Social Network Analysis
1. List examples of applications of social network analysis in different areas
2. Explain the main elements (node and link) that make up a network, and how can to characterize networks (degree distributions, clustering coefficient, diameter, average path length)
3. Explain the popular network models and their implications to social sciences
4. Understand the role of social networks in the diffusion and cascading of information
5. Identify the most suitable network metric to identify influencers in a social system (centrality, pagerank)
6. Understand the difference between Strong and Weak ties and their importance in social systems
7. Use network theory in order to design more effective marketing strategies
8. Communicate and discuss the results of a social network analysis
Docente a designar
Weekly - Available soon
Total - Available soon
Portuguese. If there are Erasmus students, classes will be taught in English
- Barabási, Albert-László. Network science. Cambridge University Press, 2016.
- Easley and Kleinberg, Networks, Crowds, and Markets: Reasoning about a highly connected world. Cambridge Univ. Press, 2010.
- Newman, Networks: An introduction. Oxford Univ. Press, 2010.
- Jackson, Social and Economic Networks. Princeton Univ. Press, 2008.
- Selected scientific manuscripts that will be shared by the teaching staff.
The curricular unit is based on a mix between theo retical and practical lessons with a strong active learning component.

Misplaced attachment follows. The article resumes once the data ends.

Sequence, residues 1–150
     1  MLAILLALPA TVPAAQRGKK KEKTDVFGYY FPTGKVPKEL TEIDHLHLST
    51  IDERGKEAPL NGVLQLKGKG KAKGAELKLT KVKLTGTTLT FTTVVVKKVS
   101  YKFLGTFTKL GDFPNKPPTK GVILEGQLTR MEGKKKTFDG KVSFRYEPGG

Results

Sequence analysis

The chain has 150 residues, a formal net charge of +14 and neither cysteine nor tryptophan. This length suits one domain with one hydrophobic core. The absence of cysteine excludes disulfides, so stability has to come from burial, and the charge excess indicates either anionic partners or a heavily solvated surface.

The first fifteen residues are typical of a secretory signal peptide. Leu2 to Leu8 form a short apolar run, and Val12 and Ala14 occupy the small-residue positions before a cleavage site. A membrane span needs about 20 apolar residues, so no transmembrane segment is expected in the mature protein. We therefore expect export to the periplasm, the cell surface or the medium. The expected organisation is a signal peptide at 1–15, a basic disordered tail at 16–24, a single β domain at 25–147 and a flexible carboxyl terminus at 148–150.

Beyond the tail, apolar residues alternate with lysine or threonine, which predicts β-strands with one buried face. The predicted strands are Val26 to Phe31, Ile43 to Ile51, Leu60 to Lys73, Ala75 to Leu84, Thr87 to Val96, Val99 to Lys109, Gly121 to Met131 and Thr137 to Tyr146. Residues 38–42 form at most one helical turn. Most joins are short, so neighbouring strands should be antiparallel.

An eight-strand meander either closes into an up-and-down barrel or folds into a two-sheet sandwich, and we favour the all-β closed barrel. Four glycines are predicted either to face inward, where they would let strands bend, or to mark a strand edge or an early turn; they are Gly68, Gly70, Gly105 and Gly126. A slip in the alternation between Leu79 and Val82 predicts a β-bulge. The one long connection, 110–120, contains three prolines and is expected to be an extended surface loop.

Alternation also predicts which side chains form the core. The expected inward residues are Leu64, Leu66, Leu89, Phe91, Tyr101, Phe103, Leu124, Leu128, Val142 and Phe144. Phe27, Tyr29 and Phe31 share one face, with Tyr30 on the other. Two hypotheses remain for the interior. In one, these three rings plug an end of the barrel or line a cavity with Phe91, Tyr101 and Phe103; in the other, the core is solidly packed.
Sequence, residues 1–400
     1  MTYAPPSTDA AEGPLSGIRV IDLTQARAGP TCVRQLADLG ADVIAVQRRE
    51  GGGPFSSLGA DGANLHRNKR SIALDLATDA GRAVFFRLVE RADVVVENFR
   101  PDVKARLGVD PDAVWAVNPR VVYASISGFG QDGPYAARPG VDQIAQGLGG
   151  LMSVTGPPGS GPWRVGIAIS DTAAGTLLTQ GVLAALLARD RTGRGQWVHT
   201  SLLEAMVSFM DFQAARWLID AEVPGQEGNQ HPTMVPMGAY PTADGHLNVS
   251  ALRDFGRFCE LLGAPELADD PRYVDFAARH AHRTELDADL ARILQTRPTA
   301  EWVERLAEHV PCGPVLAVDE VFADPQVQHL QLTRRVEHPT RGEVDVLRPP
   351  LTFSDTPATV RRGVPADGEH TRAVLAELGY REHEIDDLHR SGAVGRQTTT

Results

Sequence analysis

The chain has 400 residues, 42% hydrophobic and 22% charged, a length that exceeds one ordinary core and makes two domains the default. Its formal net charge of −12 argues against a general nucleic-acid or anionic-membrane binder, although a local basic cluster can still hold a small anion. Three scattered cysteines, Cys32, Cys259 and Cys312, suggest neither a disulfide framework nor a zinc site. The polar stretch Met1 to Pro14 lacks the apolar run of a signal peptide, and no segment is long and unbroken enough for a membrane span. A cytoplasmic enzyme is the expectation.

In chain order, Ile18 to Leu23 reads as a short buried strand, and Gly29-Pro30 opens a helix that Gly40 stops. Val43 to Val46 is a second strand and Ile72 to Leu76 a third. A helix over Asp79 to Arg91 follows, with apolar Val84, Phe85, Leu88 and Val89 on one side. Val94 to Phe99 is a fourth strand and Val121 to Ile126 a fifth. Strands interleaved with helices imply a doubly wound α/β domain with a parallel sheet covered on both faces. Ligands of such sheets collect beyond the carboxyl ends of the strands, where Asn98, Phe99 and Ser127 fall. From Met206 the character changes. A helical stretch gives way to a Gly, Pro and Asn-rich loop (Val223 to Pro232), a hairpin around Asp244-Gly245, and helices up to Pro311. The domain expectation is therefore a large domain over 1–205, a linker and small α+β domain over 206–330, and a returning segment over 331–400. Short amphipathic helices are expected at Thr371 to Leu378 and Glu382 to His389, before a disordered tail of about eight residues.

During each session, students are exposed to new concepts and methodologies, case studies and the resolution of examples. Active learning activities (debates, quizzes, mud cards, compare and contrast) will place students at the center of the classroom, so that each takes an active role in the discussion and in the learning process. Computer activities will be done whenever appropriate. For instance, students will build and analyze the class friendship network and thus get some hands on experience and familiarity with the topics of the course.
1. Participation in classroom activities (35%)
2. Presentation and discussion of a selected paper (25%)
3. Final Project with oral presentation and written report ( 40%)
The curricular unit is organized in three Learning Units (LU):
LU1. Introduction to Network Science
LU2. The role of network science in the diffusion of information and behavioral adoption
LU3. Application of network science to marketing
Programs where the course is taught:
- Specialization in Information Analysis and Management
- Specialization in Risk Analysis and Management
- Specialization in Knowledge Management and Business Intelligence
- Specialization in Information Systems and Technologies Management
- Specialization in Marketing Intelligence
- Specialization in Marketing Research and CRM
- Specialization in Knowledge Management and Business Intelligence – Working Hours Format
- Specialization in Information Systems and Technologies Management - Working Hours Format
- Specialization in Marketing Intelligence - Working Hours Format
- Post-Graduation in Information Analysis and Management
- Post-Graduation Risk Analysis and Management
- PostGraduate in Data Science for Marketing
- PostGraduate Digital Marketing and Analytics
- Post-Graduation in Knowledge Management and Business Intelligence
- Post-Graduation Information Systems and Technologies Management
- Post-Graduation in Marketing Intelligence
- Post-Graduation Marketing Research e CRM